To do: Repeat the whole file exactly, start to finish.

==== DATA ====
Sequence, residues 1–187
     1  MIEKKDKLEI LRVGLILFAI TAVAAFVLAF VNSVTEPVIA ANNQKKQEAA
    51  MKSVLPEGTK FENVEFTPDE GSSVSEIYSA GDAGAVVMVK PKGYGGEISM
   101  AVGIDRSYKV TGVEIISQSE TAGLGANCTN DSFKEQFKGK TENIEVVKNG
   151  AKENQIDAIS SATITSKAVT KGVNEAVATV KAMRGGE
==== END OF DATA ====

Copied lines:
Sequence, residues 1–187
     1  MIEKKDKLEI LRVGLILFAI TAVAAFVLAF VNSVTEPVIA ANNQKKQEAA
    51  MKSVLPEGTK FENVEFTPDE GSSVSEIYSA GDAGAVVMVK PKGYGGEISM
   101  AVGIDRSYKV TGVEIISQSE TAGLGANCTN DSFKEQFKGK TENIEVVKNG
   151  AKENQIDAIS SATITSKAVT KGVNEAVATV KAMRGGE